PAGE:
This is the sort of discussion we should be having. Universal Catastrophic Coverage would be an interesting start.
Republican attempts to reform the U.S. healthcare system have fallen short, yet again. Sen. John McCain, who cast the deciding vote against the last-ditch version of repeal-and-replace put forward by the Senate leadership, told his colleagues,
We must now return to the correct way of legislating and send the bill back to committee, hold hearings, receive input from both sides of the aisle, heed the recommendations of nation’s governors, and produce a bill that finally delivers affordable health care for the American people. We must do the hard work our citizens expect of us and deserve.”
More tinkering won’t do it. It is time to get serious about keeping the promises GOP leaders made at the very outset of the debate over healthcare reform—not just to repeal Obamacare, but to replace it with something that provides “coverage protections and peace of mind for all Americans—regardless of age, income, medical conditions, or circumstances,” while ensuring “more choices, lower costs, and greater control over your health care.” There is no point in making a new push for healthcare reform without putting some bold new ideas on the table.
Universal catastrophic coverage (UCC) would make an excellent centerpiece for the next round of healthcare reform. In fact, UCC is not even particularly new to the conservative playbook. Respected thinkers like Martin Feldstein, who would go on to serve as Ronald Reagan’s chief economic adviser, promoted the idea already in the 1970s. In 2004, Milton Friedman, then a fellow at the Hoover Institution, also endorsed the concept. UCC would make healthcare affordable, both for the federal budget and for American families. And because it would throw no one off the healthcare roles—not 22 million people, not 2 million, not anyone—it offers a realistic chance of the bipartisanship that polls show both the Republican and Democratic rank and file want.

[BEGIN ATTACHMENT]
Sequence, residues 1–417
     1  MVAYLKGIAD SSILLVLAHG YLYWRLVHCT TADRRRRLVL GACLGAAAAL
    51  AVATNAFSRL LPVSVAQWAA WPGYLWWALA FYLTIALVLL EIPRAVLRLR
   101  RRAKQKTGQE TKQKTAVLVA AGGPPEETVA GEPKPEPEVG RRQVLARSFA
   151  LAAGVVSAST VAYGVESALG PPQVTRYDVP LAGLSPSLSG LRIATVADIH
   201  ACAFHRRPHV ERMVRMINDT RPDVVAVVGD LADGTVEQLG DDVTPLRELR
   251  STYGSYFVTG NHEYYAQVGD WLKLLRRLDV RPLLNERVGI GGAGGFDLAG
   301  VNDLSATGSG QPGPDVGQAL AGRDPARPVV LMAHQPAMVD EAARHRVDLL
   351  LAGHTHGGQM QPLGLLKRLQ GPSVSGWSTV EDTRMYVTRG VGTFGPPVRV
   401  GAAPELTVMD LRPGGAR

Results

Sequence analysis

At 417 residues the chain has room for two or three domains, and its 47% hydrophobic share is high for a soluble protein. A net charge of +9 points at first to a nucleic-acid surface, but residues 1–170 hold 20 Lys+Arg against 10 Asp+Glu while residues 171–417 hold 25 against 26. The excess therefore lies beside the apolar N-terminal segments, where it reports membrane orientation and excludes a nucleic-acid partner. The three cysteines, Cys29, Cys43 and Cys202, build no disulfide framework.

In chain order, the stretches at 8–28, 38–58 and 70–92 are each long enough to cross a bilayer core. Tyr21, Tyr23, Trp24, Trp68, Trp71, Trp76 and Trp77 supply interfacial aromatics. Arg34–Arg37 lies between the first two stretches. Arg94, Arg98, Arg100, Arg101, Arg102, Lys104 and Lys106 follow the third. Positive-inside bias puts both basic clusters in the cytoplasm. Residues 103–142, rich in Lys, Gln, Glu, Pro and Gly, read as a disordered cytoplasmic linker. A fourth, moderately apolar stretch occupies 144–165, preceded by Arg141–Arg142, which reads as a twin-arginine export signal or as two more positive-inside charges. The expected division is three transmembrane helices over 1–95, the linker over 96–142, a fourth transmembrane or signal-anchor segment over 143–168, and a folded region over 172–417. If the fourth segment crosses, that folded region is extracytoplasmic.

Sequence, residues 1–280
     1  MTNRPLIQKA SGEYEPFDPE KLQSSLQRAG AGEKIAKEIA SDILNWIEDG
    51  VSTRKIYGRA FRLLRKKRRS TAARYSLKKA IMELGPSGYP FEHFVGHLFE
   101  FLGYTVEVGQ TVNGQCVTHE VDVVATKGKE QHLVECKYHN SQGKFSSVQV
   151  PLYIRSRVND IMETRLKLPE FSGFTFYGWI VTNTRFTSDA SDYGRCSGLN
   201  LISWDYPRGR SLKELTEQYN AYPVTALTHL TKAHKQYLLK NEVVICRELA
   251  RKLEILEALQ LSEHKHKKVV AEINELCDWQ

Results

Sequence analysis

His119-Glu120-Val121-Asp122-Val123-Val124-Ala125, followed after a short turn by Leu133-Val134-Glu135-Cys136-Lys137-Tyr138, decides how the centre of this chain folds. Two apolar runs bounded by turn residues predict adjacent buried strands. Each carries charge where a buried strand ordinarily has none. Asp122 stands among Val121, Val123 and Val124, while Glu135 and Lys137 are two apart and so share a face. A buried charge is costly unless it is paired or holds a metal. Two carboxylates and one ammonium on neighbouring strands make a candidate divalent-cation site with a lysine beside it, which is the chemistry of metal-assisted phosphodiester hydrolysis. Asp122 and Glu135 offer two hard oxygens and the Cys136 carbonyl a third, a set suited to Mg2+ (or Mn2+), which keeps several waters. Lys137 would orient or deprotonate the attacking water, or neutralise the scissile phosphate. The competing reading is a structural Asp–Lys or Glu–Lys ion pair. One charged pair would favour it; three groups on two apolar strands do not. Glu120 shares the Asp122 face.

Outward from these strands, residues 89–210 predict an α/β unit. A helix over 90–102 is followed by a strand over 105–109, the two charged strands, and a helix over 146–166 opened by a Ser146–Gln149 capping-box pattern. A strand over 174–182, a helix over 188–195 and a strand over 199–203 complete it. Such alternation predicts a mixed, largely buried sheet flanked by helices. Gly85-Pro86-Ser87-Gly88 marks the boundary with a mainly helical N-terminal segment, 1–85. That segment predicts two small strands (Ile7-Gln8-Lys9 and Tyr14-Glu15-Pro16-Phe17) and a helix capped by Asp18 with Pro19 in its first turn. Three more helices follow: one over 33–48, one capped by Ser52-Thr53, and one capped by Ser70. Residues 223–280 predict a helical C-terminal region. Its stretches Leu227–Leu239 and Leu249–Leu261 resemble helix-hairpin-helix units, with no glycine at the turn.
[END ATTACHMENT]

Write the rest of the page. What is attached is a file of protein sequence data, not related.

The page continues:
And the author is from the Niskanen Center, a libertarian think tank that belies the usual claptrap seen with most libertarian think tanks. They not only acknowledge AGW but want a carbon-tax to deal with it.
They ant to increase immigration, especially from refugees. Also against government surveillance, curtailing military spending, and is for a universal basic income.
It takes a pragmatic view to liberty, recognizing that becoming more like Denmark or Canada might be a good thing because those countries enjoy more liberty than we do. Thus why they wrote that there was a “case to be made that Sanders has been the most libertarian candidate in the presidential race.”
Some of these are pretty good ideas and why I tend to listen to those from the Niskanen Center than most Randian followers of libertarianism, whose allegiance to theoretical structures have little connection with reality.
As John Rogers wrote:
There are two novels that can change a bookish fourteen-year old’s life: The Lord of the Rings and Atlas Shrugged. One is a childish fantasy that often engenders a lifelong obsession with its unbelievable heroes, leading to an emotionally stunted, socially crippled adulthood, unable to deal with the real world. The other, of course, involves orcs.
Libertarians would do well to be less ideological and more pragmatic. IMHO.